Myers gave an overview of Alaska’s catch share system, Amendment 80, which was implemented in 2007 by the Pacific Fishery Management Council. He explained that the free-market incentive system has reduced bycatch by 12%, improved efficiency by encouraging target equipment use, and increased profits by reducing injuries and risk. Moreover, the catch share system promotes sustainable catch levels by encouraging long-term planning. By moving from a politics-based approach to one grounded in property rights, Myers concluded, the fisheries can be more sustainably managed.
Elaine O’Neil explored another free-market approach to environmental sustainability through the topic of working forests. O’Neil noted that trees are the most efficient natural carbon dioxide uptake systems on the planet; as they grow, forests actively pull carbon dioxide out of the atmosphere.
She acknowledged that it takes time to store carbon in growing trees and she said that other factors such as beetle blights and forest fires should be considered. Sometimes, she said, storing carbon is a bad idea. Millions of acres of forest have been compromised by the mountain pine beetle. Forest fires have also had a devastating effect on forests across the country. O’Neil explained that problems with beetles and fires usually occur on federal lands, not on private, working forests. Beetle infestations and fires damage a forest’s ability to capture carbon dioxide and are phenomena that should be considered when evaluating the sustainability of working forests.
In addition, O’Neil addressed the criticism that working forests don’t promote “green” products or lifestyles. “Any benefit that accrues from using one product over another is housed within the original decision,” she said, and pointed out that the carbon storage benefit really starts when trees are turned into wood products, like a house that may last 50 or 100 years.
This raises the question of whether maintaining a federal forest for 40 years, without fully using the economic benefit of the investment, is sustainable or economically sound. O’Neil pointed to working forests’ great potential for carbon mitigation and recommended that architects and engineers re-evaluate the useful role of working forests within their industries.
- Lack of property rights can encourage resource depletion and inefficiency.
- Catch shares represent a free-market fishing alternative that improves safety, economic growth and environmental sustainability.
- Working forests pull carbon from the atmosphere and provide a meaningful model for sustainable forestry.
- Terry L. Anderson, executive director, Property & Environment Research Center
Before the keynote address, Washington Policy Center presented the Center for the Environment’s 10-year Recognition Award to several of its founding supporters who made the Center for the Environment’s success possible. The recipients of the 10-year Recognition Award attended the event. They were: Susan Hutchison and the Charles Simonyi Fund for Arts and Sciences, Columbia Helicopters, Green Diamond Resource Company, the Washington State Farm Bureau, and WPC board members Jim Day and Al Symington. The Annual Environmental Innovator Award was presented to the event’s keynote speaker, Terry L. Anderson.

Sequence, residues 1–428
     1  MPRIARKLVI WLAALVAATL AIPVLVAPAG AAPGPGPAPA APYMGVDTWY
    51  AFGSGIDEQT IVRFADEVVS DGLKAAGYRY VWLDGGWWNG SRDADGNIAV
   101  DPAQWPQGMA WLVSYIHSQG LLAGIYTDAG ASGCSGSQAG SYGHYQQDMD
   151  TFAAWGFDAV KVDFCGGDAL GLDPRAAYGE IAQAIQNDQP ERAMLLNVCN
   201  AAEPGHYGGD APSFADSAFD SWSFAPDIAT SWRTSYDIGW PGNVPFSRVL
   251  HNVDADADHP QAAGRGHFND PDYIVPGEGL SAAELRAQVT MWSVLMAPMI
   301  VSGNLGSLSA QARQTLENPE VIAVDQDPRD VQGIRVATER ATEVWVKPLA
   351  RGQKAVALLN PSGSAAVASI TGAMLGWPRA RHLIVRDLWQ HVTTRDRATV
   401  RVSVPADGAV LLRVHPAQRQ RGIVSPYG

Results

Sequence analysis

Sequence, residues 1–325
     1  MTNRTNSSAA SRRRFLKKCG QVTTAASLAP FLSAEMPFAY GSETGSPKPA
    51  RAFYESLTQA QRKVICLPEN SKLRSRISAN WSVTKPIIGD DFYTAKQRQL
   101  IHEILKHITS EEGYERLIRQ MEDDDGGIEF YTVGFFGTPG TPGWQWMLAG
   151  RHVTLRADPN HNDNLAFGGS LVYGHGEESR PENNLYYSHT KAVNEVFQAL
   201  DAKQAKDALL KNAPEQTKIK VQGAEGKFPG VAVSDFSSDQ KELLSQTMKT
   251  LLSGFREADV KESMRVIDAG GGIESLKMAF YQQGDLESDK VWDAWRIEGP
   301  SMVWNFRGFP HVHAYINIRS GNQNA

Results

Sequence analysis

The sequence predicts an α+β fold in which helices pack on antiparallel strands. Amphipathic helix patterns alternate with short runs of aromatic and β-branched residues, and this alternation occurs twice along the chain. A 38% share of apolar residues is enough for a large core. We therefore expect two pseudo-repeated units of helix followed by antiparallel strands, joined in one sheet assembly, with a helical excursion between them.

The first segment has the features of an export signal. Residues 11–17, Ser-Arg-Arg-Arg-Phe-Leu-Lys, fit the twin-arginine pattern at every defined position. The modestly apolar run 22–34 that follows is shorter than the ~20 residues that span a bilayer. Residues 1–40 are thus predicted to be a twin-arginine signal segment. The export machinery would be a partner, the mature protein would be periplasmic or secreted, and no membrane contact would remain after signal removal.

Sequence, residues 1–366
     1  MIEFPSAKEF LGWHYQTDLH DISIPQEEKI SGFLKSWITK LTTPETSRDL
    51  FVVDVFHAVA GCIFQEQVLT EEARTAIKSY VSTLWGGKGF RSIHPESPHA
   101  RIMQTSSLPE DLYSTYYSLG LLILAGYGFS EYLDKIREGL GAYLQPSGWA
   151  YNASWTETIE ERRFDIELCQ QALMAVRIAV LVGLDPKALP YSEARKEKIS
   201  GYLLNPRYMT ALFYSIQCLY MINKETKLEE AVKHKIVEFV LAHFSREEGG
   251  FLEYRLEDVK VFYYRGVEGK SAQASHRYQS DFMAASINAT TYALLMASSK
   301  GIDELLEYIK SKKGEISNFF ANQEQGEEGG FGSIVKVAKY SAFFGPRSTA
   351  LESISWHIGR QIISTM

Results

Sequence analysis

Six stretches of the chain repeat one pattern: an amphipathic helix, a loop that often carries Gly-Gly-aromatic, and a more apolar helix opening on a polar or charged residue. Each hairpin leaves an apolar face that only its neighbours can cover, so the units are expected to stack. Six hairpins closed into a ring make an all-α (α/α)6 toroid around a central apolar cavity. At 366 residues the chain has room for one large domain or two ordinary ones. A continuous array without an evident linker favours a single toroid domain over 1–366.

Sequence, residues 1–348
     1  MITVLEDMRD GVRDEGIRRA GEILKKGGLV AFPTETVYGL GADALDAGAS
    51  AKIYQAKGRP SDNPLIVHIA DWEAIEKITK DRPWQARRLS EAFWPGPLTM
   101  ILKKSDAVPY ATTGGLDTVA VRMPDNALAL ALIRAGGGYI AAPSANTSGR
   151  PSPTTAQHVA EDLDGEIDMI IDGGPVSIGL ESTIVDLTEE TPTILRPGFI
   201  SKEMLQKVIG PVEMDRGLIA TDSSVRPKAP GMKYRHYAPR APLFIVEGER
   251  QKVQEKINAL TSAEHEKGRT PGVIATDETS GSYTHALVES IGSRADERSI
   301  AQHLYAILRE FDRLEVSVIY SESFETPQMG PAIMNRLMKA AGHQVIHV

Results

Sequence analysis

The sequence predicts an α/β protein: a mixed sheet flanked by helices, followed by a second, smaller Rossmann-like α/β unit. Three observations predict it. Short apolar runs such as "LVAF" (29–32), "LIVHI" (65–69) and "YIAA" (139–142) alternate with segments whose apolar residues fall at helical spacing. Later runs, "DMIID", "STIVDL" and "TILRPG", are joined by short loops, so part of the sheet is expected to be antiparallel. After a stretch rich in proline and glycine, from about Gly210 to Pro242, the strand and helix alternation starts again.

Terry L. Anderson began his keynote presentation with a humorous depiction of a “new political party” he called the Green Tea Party. Anderson used this hypothetical political party to discuss the effectiveness of various environmental policies. Appealing to the need to treat the environment as a market good in order to ensure its long-term health, Anderson gave several examples of the hypothetical party’s slogan, “pro growth, pro environmental quality, and pro liberty” in action. Anderson described the environmental advantages of free enterprise in industries such as forestry and wildlife management.
He introduced the problem of diminishing returns to illustrate the importance of multiple use management of public lands. According to Anderson, free-market environmentalism relies on two concepts. First, sustainability has to equate to profitability. Second, property rights provide incentives for people to “do good and do well.”
Anderson outlined how these principles apply to water markets, public lands, and energy and climate change. Markets can solve water quantity and quality problems, for example, by compensating farmers for leaving water in streams. Similarly, Anderson described how improving the management of sawmills on national forests could benefit forest sustainability and simultaneously turn a profit.
He also discussed allowing markets to adapt to fluctuations in energy supply and climate change, instead of heavily regulating markets through measures such as a carbon tax. Only by taking advantage of free markets and tapping economic incentives, he concluded, can we ensure the continuation of the environment’s health and beauty.
- Free-market principles can be applied to ensure long-term environmental health and economic prosperity.
- Anderson outlined several successful scenarios where free enterprise led to sustainable environmental practices.
Marina Giloi is a research assistant with Washington Policy Center as part of WPC’s Doug and Janet True Internship Program. WPC is a non-partisan, independent policy research organization in Washington state. Nothing here should be construed as an attempt to aid or hinder the passage of any legislation before any legislative body. For more information, visit washingtonpolicy.org.